Until I became a parent, I carried an idealized version of what “love” was supposed to be and look like. I thought it was like what I’d seen in the movies. I grew up in a house where affection was rare. It was there, but it was rare. We rarely heard an “I love you” or got hugs or time together. I don’t remember my parents ever saying they were proud of my accomplishments. Throughout my dating life, I wondered what I was doing wrong when my relationships never felt like what I’d seen portrayed in media, and instead, looked and felt like what I’d seen my parents act out as a child. I wondered why I didn’t have the “magical key” to having a loving home.
I struggled for a long time to understand the complex nature of human relationships, but when I gave birth to my daughter, I realized that love was not at all what I thought. After my daughter was born, before we really settled down into a steady place to live and I got into a rhythm as a single mom, I rented a space in the basement of some friends and got to be closer with them. In the short time I was in their space, I developed a more nuanced understanding of what it means to love.
Through getting to know one of my roommate’s struggles in parenting and relationships, I began to have a different perspective on my own situation. I started to see the gray area when it comes to parenting, relationships, and family, and it was this understanding that would lay the foundation for me to see the human complexity of my daughter’s dad later on. When I saw that complexity, it paved the way for me to let go of some of the erroneous beliefs I’d held about him.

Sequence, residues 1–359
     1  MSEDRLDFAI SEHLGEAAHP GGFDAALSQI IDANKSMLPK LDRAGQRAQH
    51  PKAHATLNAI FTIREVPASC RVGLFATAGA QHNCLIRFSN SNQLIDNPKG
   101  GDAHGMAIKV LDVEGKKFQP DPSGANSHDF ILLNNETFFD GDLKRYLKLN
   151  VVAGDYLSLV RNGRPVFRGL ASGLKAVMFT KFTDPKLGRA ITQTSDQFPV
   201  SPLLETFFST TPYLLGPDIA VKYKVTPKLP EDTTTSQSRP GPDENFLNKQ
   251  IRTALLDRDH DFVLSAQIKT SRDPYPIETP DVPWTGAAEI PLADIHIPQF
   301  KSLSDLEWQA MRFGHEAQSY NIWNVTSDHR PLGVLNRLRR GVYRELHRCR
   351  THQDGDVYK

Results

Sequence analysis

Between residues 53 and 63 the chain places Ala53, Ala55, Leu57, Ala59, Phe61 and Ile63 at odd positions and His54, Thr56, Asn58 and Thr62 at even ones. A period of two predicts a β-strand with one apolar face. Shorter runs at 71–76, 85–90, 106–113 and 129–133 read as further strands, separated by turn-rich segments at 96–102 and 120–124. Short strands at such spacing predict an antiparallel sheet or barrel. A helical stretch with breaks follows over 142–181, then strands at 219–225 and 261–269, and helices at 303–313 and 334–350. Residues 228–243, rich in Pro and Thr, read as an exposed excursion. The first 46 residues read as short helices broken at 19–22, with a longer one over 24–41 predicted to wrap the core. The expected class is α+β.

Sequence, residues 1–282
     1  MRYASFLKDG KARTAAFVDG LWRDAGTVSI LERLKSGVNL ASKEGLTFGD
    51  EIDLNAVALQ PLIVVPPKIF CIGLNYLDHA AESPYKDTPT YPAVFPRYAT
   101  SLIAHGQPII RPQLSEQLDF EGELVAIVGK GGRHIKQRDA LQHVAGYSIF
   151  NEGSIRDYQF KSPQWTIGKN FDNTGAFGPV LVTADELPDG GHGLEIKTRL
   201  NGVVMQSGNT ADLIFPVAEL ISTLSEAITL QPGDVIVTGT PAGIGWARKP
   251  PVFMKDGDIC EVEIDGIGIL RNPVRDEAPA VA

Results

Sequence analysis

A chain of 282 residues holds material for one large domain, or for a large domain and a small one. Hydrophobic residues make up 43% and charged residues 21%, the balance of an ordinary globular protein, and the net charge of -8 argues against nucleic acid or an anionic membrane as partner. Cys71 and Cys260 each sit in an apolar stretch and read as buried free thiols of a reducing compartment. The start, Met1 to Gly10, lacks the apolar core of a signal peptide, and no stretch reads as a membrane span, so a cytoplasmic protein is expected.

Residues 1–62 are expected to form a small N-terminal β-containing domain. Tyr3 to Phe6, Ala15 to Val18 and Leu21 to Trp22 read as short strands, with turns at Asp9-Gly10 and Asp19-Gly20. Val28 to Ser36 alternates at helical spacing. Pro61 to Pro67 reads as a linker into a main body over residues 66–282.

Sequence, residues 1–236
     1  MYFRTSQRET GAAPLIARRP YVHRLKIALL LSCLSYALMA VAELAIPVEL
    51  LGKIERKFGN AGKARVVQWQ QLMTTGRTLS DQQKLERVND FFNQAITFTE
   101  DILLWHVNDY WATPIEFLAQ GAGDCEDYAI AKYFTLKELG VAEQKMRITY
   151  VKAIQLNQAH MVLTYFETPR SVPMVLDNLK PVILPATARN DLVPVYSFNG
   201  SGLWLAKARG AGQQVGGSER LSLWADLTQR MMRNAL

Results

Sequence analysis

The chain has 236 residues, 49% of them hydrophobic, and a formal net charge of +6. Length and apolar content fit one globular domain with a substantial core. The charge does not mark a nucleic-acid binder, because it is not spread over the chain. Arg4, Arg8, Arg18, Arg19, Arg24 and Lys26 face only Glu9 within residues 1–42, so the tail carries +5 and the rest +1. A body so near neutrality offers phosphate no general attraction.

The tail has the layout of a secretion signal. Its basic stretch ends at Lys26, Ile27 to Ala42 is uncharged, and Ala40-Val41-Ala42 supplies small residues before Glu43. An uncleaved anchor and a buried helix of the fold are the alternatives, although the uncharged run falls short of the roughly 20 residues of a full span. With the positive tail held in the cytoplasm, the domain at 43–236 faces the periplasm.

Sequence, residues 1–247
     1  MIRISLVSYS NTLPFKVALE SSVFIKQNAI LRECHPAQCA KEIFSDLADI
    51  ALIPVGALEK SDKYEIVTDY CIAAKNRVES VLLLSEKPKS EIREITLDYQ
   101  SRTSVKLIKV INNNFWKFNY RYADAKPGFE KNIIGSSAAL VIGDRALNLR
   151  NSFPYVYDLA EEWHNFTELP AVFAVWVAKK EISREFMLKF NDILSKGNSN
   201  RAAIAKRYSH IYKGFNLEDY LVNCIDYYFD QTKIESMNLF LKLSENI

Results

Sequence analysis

In my first year as a parent, I realized that I could love my daughter AND be annoyed, frustrated, or angry with her. I always had a strong connection with her, but at times, that bond would feel tested and like it was hanging on by a thread. Many times, I just wanted to run away from her, but it wasn’t because I didn’t love her. It was because I just needed some space to simply “be” and not wear the “mom” costume for a while.
I decided to see if this same principle applied to my relationship with her dad when, after months of struggling and fighting with each other, we had to find a way to coexist. Over time, I began to realize that I could love him deeply, and be annoyed, frustrated, and angry with him as well. Often, our connection could feel strong one day and near-non-existent the other. Afraid to lose my personhood, I pulled away from him in an attempt to maintain some sense of freedom. I’d lost my personhood so much in motherhood, already, and was struggling to process the loss of the self I was beginning to love being.
When I realized how my approach to my daughter’s dad affected the way he reacted to me, and vice versa, I realized how much more complicated love was. To be honest, I don’t know how to deal with the complexity. That’s something I’m still learning.